Titmus was pursued heavily by Italian Simona Quadarella down the last 200, but her finishing speed managed to bring her into the wall for a clear silver in 8:12.89, with Quadarella third in 8:13.68. Those swims moved them into #2 and #3 all-time, overtaking Rebecca Adlington‘s 8:14.10.
Mixed 4x100m Medley Relay
Despite falling to the Australians at the 2019 World Championships, the Americans came into the inaugural Olympic final of the mixed 4×100 medley relay as the overwhelming favorites. All four of their swimmers in the final had won their respective individual 100m races, and they even had room to leave women’s 100 back champ Regan Smith on the prelim relay.
It proved to be quite the spectacle in its debut on the biggest stage in sports as only two of the top-five teams used the traditional two men/two women strategy, making for a wild race.
Ryan Murphy gave the U.S. the early lead in 52.18, with Evgeny Rylov (52.31) and Mitch Larkin (52.71) also putting Russia and Australia in a good position. Adam Peaty flies by everyone for Great Britain on breast, splitting a record 56.07 to give them a sizable lead over the Aussies. The Americans had used Lilly King and were back by over six seconds.
Coming off winning individual 100 fly gold earlier in the session (and a semi-final in the 50 free), Caeleb Dressel goes almost the exact same time with a flying start (49.25) to hand Simone Manuel a two-second buffer over the field.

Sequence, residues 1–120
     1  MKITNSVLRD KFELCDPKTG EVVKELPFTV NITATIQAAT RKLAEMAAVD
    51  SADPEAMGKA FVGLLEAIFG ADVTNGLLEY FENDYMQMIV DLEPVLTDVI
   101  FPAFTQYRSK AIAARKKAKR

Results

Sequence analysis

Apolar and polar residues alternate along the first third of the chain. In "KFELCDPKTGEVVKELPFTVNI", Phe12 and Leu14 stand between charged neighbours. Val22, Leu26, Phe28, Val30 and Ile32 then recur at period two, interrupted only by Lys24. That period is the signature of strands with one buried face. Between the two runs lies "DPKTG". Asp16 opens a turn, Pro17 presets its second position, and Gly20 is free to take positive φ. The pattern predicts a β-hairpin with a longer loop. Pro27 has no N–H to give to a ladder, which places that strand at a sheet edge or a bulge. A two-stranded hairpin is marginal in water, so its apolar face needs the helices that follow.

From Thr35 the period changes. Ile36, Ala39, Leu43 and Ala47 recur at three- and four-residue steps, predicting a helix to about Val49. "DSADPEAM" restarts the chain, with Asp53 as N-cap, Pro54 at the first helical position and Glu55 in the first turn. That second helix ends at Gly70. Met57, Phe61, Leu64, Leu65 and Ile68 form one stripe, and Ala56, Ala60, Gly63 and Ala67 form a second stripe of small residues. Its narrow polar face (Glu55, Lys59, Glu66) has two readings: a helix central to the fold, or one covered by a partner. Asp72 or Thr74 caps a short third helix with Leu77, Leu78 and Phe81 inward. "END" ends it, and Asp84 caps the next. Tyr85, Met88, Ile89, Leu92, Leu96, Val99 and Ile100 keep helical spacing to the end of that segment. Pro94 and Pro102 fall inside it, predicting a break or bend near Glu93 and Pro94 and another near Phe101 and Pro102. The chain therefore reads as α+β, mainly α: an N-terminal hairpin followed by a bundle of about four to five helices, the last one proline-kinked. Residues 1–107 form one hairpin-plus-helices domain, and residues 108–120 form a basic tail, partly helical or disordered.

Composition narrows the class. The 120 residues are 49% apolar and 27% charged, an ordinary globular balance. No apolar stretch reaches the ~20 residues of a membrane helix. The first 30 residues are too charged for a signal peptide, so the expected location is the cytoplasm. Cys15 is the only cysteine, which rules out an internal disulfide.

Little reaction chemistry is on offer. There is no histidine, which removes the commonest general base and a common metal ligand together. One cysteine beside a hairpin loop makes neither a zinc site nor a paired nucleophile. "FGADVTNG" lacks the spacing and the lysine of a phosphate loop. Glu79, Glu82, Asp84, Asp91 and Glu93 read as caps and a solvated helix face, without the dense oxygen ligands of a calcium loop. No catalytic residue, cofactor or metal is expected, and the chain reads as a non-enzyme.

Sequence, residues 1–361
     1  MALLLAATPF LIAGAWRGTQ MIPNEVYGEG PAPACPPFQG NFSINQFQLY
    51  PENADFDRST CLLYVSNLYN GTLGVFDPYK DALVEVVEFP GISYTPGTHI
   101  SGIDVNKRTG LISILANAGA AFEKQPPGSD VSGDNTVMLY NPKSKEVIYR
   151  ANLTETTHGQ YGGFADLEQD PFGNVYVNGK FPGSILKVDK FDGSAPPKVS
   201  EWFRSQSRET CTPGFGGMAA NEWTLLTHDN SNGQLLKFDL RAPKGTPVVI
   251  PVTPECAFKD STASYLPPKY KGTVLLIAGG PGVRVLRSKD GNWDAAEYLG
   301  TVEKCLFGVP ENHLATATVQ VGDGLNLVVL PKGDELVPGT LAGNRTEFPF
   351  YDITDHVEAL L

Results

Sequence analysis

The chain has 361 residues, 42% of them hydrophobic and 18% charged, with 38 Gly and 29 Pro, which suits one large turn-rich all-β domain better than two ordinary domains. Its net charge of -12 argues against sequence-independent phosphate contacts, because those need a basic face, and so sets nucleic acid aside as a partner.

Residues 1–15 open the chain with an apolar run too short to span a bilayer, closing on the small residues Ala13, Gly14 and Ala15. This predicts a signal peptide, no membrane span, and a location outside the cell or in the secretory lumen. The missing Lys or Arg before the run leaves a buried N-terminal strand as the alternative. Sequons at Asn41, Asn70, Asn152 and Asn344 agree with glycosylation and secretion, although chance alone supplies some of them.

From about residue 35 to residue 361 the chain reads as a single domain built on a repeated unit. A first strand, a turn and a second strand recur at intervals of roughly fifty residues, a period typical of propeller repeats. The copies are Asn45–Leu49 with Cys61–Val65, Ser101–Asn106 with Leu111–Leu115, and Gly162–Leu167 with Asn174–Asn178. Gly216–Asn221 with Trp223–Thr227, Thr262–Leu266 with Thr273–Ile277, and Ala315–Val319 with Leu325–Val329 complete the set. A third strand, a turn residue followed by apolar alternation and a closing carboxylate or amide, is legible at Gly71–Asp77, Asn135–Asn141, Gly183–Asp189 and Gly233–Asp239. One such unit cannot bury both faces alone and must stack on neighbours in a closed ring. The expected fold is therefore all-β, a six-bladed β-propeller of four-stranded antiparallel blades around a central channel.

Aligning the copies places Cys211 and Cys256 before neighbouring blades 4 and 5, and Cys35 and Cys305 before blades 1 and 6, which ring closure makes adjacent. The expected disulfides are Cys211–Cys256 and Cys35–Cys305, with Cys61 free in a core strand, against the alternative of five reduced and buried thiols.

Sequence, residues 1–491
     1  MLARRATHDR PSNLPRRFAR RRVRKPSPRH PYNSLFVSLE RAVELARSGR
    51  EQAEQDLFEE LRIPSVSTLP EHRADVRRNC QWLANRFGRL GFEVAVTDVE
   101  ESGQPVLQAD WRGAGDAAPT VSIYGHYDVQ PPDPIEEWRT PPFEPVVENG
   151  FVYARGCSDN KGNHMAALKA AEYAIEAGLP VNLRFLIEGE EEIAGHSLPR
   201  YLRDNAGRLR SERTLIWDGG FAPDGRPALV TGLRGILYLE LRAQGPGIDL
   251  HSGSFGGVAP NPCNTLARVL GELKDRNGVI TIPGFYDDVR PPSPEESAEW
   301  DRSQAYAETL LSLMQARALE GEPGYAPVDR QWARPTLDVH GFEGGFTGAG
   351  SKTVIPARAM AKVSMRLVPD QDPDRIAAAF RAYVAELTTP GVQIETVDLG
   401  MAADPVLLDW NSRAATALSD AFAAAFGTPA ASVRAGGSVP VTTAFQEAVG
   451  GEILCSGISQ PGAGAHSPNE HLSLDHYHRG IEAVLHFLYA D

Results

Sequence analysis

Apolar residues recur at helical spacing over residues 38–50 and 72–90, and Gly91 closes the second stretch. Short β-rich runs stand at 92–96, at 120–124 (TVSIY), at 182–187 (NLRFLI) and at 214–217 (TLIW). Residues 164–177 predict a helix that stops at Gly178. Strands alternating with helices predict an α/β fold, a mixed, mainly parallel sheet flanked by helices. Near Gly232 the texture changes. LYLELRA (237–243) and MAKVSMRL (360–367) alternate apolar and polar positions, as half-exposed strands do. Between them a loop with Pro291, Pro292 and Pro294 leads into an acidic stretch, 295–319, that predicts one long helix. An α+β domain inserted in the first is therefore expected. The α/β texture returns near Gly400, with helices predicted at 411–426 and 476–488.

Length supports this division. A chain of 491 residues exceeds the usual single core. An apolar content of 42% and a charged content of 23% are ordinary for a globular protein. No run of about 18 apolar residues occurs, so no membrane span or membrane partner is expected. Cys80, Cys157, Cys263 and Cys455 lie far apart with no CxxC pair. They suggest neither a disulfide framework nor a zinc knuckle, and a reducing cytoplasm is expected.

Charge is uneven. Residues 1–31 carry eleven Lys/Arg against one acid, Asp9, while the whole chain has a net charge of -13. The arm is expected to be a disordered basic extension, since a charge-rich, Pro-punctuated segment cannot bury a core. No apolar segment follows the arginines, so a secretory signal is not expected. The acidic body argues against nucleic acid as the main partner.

Unlike in Gwangju, Cate Campbell didn’t have enough room to run down Manuel, as the U.S. wins gold in a new world record time of 3:37.25. Campbell did have an incredibly quick 51.19 anchor to put Australia second in 3:39.00, just under their 2019 winning time, while Great Britain (3:40.16) edged out bronze over Russia (3:40.73) and Canada (3:40.84). Perhaps the most notable splits from those two teams came on fly, from Andrei Minakov (50.61) and Maggie MacNeil (55.38).
1.United States, 3:37.15 WR
- Murphy,Ryan 52.18
- King,Lilly 1:04.03 (1:56.11)
- Dressel,Caeleb 49.25 (2:45.36)
- Manuel,Simone 51.79 (3:37.15)
- Larkin,Mitch 52.71
- Wilson,Matthew 58.74 (1:51.45)
- McKeon,Emma 56.36 (2:47.81)
- Campbell,Cate 51.19 (3:39.00)
3.Great Britain, 3:40.16
- Greenbank,Luke 53.70
- Peaty,Adam 56.07 (1:49.77)
- Atinkson,Charlotte 57.73 (2:47.50)
- Anderson,Freya 52.66 (3:40.16)
Also On The Schedule
Men’s 50m Freestyle Semi-Finals
After a cruisy 21.52 prelim, Dressel puts together a smooth 21.23 out of the first semi to easily win the heat as he prepares for the mixed medley relay. Behind him, Bruno Fratus (21.50) and Michael Andrew (21.58) take second and third.
In the second heat, Florent Manaudou blasts down in 21.27 as he sets himself up for a chance to regain the gold medal he lost in 2016 (after winning in 2012). Vladimir Morozov (21.41) and Kristian Gkolomeev (21.47) have strong swims behind him to qualify third and fourth overall.
Women’s 50m Freestyle Semi-Finals
With both swimmers set to race the mixed medley in a matter of minutes, Cate Campbell and Simone Manuel look fairly controlled coming down the pool as they clock 24.14 and 24.19 respectively to go 1-2 in the first semi of the women’s 50 free. Bronte Campbell and Ranomi Kromowidjojo (24.27) tie for third.
The second heat proves much quicker than the first, as both Sarah Sjostrom (23.87) and Pernille Blume (23.95) dip under 24 seconds for the top-two seeds heading into the final. Anna Hopkin (24.18) steals third ahead of Liu Xiang (24.23) and Abbey Weitzeil (24.34).
Medal Table Through Day Seven